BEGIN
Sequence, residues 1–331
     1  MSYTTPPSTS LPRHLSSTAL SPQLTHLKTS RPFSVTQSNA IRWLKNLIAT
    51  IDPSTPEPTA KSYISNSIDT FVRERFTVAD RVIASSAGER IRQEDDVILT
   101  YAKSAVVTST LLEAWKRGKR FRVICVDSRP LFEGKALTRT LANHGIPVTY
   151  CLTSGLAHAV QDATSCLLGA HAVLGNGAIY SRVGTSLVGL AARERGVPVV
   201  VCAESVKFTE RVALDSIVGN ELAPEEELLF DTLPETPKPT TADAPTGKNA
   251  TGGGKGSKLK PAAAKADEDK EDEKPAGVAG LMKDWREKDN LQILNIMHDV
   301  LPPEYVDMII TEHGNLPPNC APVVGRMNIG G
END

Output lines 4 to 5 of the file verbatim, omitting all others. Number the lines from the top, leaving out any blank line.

   101  YAKSAVVTST LLEAWKRGKR FRVICVDSRP LFEGKALTRT LANHGIPVTY
   151  CLTSGLAHAV QDATSCLLGA HAVLGNGAIY SRVGTSLVGL AARERGVPVV